Hiroshima and Nagasaki
At the time of finishing this article, we find ourselves on the 9th of August. This is the anniversary for the Nagasaki nuclear bombing, which, together with the Hiroshima attack on the 6th of August, comprise the only instances of a country waging nuclear warfare on another. Except that nuclear bombs weren’t used on the enemy, but on civilian populations. This heinous war crime is a monstrous accolade exclusive to the United States.
As a final note on Kojima’s possible feelings and thoughts about the US, the USSR, the Cold War and contemporary politics in general, I’d like to add something which I think is of certain relevance; Mr. Kojima, please don’t forget your country is the only country in the world to have been defiled by nuclear attacks, and that up to this day people suffer in Hiroshima and Nagasaki definitely not due to Soviet bombs, or from the bombs of any other nation for that matter. It is very shameful seeing such a beautiful country as Japan reduced to a lackey of the US, which is not even allowed to have its own regular armed force due to war victory conventions by the Allies. I hope, Mr. Kojima, that you never forget what the US did to your country, just as I will never forget what it did to mine. As much as I am against war-mongering, jingoistic flag-waving and radical ultranationalism, there are things that cannot be forgotten. I’m all for forgiveness, but never for forgetting. Some things can’t and shouldn’t be forgotten. Hiroshima and Nagasaki survivors today suffer from unspeakable burns, wounds caused by the explosions and unimaginable psychological damage that will never heal.
In the US, after the Hiroshima and Nagasaki bombings and many subsequent nuclear tests, a strange popular culture of atomic patterned consumer items and fashion began to emerge. Showgirls in Las Vegas began to dress as “atomic pinups” in what is perhaps the most superficial, cynical and horrendous impact of the nuclear era in society. Sponsored by the government and fueled by popular anti-communism, society was pummeled to have positive views on atomic energy, while simultaneously told to fear it. However, nothing tops the cynicism of the following photo:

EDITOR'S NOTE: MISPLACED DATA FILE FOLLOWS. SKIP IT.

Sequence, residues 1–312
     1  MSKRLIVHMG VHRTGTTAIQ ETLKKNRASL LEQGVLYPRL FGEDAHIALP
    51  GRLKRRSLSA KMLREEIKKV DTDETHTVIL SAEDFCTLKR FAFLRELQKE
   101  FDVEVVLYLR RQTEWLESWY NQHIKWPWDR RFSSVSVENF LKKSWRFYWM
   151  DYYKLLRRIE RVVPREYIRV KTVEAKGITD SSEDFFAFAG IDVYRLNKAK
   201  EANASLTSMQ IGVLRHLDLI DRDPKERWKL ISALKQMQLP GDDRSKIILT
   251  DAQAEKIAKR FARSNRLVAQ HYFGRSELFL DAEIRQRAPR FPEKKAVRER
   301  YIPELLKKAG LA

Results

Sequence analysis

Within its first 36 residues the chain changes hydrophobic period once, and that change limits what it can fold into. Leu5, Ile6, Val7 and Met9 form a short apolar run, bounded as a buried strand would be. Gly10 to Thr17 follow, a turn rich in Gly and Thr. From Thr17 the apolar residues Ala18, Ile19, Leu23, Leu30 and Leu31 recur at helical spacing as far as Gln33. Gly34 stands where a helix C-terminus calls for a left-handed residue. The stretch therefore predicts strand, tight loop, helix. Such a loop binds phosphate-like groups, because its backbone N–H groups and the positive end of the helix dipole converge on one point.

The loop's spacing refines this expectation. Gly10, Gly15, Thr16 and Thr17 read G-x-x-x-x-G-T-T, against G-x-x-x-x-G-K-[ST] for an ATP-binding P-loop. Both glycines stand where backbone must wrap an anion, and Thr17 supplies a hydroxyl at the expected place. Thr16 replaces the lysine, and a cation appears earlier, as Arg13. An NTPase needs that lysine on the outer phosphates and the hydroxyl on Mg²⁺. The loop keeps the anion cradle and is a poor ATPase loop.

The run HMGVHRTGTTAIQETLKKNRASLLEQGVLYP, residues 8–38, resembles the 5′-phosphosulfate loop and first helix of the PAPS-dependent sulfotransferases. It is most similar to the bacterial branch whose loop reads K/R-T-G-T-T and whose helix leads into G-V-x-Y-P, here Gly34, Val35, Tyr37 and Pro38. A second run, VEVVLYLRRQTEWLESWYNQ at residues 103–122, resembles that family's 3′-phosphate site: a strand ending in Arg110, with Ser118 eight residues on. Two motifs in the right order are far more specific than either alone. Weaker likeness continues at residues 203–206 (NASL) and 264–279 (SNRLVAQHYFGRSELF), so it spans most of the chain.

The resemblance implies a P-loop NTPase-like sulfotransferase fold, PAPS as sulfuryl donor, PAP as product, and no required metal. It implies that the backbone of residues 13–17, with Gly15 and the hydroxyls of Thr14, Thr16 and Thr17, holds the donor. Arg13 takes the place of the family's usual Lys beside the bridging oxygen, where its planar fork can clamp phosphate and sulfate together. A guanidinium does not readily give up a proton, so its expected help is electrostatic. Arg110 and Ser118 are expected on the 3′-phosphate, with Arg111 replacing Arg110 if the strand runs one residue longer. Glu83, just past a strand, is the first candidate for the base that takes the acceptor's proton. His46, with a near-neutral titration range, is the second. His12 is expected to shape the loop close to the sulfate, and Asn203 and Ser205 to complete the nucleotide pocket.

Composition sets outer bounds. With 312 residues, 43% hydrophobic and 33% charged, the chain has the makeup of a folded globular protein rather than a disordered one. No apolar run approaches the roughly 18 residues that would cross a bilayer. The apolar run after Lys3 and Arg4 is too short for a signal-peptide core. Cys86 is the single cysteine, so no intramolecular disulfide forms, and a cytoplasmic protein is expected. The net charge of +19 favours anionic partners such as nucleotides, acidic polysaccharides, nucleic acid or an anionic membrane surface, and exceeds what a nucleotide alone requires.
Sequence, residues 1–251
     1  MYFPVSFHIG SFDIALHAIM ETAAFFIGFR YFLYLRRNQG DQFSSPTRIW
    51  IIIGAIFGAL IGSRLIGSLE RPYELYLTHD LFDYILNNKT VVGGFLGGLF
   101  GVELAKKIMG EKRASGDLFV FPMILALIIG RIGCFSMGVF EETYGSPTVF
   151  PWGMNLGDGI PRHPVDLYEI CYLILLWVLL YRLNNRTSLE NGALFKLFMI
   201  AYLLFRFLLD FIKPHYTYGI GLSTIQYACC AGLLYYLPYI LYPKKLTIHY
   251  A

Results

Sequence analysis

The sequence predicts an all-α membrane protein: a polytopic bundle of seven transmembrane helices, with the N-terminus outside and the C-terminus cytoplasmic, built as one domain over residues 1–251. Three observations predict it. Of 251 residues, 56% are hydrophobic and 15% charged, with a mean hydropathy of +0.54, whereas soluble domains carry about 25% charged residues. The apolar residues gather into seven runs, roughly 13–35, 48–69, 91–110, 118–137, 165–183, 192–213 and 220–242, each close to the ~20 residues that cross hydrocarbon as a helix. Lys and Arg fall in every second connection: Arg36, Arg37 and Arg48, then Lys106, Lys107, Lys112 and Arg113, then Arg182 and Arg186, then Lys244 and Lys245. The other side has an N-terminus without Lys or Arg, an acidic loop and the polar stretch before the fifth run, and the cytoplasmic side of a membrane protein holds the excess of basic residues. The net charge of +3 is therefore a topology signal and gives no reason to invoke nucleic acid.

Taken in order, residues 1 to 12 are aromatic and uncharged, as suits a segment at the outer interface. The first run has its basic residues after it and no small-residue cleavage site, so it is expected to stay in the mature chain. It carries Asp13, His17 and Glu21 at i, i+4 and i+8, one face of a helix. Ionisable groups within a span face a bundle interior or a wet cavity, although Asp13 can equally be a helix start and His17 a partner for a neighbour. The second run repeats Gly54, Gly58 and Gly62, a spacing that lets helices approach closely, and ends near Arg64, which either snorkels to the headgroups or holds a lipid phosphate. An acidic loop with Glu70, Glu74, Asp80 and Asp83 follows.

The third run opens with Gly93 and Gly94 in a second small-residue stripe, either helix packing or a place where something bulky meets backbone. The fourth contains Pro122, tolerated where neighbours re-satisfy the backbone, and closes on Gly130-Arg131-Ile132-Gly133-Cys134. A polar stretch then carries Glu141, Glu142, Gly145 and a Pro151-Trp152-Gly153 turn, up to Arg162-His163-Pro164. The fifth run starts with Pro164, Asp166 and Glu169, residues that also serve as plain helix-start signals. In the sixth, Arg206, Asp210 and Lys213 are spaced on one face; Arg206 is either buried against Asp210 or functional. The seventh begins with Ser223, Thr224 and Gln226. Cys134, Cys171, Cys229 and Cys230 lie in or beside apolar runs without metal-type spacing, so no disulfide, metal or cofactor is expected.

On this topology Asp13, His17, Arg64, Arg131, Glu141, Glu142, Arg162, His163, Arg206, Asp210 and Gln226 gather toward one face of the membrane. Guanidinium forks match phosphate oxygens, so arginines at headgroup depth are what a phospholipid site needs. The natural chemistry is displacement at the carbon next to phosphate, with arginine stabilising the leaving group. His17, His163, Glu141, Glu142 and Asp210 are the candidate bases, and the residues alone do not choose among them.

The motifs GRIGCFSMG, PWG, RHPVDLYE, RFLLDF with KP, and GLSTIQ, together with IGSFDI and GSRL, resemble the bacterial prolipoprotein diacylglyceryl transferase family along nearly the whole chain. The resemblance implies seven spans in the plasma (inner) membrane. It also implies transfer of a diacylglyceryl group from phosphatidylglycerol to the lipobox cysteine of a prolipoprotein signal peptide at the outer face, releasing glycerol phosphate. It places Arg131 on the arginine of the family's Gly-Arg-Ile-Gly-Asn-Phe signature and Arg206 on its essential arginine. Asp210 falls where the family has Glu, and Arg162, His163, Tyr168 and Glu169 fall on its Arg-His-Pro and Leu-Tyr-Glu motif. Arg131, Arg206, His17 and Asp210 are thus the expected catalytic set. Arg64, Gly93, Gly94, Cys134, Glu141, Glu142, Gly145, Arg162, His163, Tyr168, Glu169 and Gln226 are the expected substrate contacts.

Thusly, I would like very much to express my feelings for the nation of Japan, which has been witness to perhaps the worst, most cynical and premeditated act of genocide in the history of mankind, and to express my solidarity not only with the victims of Hiroshima and Nagasaki Che himself felt so drawn to, but with the Japanese people as a whole, who up to this day endure the foreign policies of the US, which thinks of the island as little more than a strategic base and a power that needs to be held down. Mr. Kojima has demonstrated with his videogames his views on nuclear war and nuclear weapons, and in Peace Walker he finally gave us a true taste of how he feels in his own flesh the attacks inflicted on his nation by this imperialistic and ruthless superpower, the only one to unleash the horrors of nuclear warfare on innocent civilian towns who weren’t even a threat. I think that Kojima should never forget this, and that fans of this smart and creative franchise should also see the difference between the Goebbelian Western propaganda that justifies these atrocities while attacking people like Che of supposedly supporting shameless nuclear warfare. That’s why I recommend fans to listen to Peace Walker’s briefing files so they may see by themselves where the difference lies. Since 1998, us Metal Gear fans have been in contact with the smartest side of gaming and have seen through a compelling and thrilling storyline the dangers of nuclear proliferation and the lies and deceit associated with justifying these terrible actions. But worst of all is discrediting the popular heroes of other nations by charging them with the crime you committed, which is what the US has succeeded at doing with Che Guevara by putting his words out of context and distorting them, as I explain in a previous article.
I don’t want to make this sound overtly officious, sycophantic or arrogant on my part, but given the extremely thin possibility that Hideo Kojima himself may come across this text at some point in his life, I hereby would like to express in this article to him the friendship and brotherhood of the Uruguayan peoples, who just like many other countries in the world, have benefited from the technological advances and works of fiction from the nation of Japan, and I would also like to thank him in the name of all his followers who grew up with his creations, so much that his characters already have become a part of our lives, the contents and wisdom of his narrative already a solid part of our philosophies, despite creative, ideological or political disagreements we might have with him.
So thank you, Mr. Kojima, and may The Phantom Pain be a consolidation of the maturity of the series, the emotional graduation of the generation I come from.